When we found out that we were pregnant again, Jeremy said immediately that, should we have another boy, he wanted to use the name Anselm. Now, I did not like that name. At all. Jeremy’s mind and heart were set, however, and a deal was struck that I could pick whatever middle name I wanted. I chose Ioan, the Welsh variant of John; John is my dad’s first name, and Ioan was one of my mom’s favorite names, and I thought it would be a good alternative in case none of us could ever get used to “Anselm”. That was the extent of my thought process for my choice of middle name.
Anselm was born at 38w 2d, and was my longest labor yet, since I walked the halls for hours and hours to be able to progress enough for the hospital to keep me. Because Ephraim was induced and Clive came so fast, I was incredibly paranoid and anxious that not only would I miss the signs of labor, but that my water would break at home or in the car and I’d be unable to get to the hospital in time. And because of my hemorrhage after Ephraim’s birth, there was no way I was going to have a baby anywhere but in a hospital.
I was so paranoid that I went in to the hospital at least two times with false alarms, and called my OB in the middle of the night enough that I started to get embarrassed. It was my third baby, after all–wasn’t I supposed to know what I was doing?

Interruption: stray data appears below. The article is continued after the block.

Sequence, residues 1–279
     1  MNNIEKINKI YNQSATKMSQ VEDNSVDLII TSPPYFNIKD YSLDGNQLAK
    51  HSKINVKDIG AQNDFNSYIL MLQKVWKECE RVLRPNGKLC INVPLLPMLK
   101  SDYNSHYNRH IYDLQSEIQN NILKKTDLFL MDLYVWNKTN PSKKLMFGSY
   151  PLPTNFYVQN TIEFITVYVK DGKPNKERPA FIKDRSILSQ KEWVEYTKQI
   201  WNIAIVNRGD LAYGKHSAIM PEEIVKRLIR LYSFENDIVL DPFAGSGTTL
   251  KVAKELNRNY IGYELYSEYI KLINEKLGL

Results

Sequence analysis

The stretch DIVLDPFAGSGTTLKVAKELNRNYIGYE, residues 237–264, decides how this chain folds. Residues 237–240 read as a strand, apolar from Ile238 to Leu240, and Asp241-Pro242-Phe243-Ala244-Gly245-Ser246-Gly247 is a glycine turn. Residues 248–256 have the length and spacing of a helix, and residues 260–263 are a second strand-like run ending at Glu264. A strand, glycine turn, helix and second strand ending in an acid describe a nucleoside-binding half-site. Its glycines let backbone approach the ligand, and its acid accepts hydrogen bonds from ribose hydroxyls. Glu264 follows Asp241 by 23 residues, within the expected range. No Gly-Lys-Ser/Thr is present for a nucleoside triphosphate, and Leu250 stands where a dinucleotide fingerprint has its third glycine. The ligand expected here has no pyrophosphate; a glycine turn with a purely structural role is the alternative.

I was 38w 1d when I went in with contractions that were certainly there, but stupidly irregular unless I was up and moving. Anytime I stopped, they stopped. I was 3 centimeters dilated when I got there; since the hospital was not busy that night and I had a history of moving very fast once labor kicked in, they let me stay and walk. My OB visited around 10 p.m. to see how much I had progressed–after about six hours of walking, I had dilated an additional 1.5 cm. She told me to stay there and that she would check me again in the morning around 9 a.m. If I was over 5 cm, she’d break my water to speed things up. If not, I would need to go home. I was determined to not leave without a baby, and walked the halls for most of the night. Back and forth, back and forth.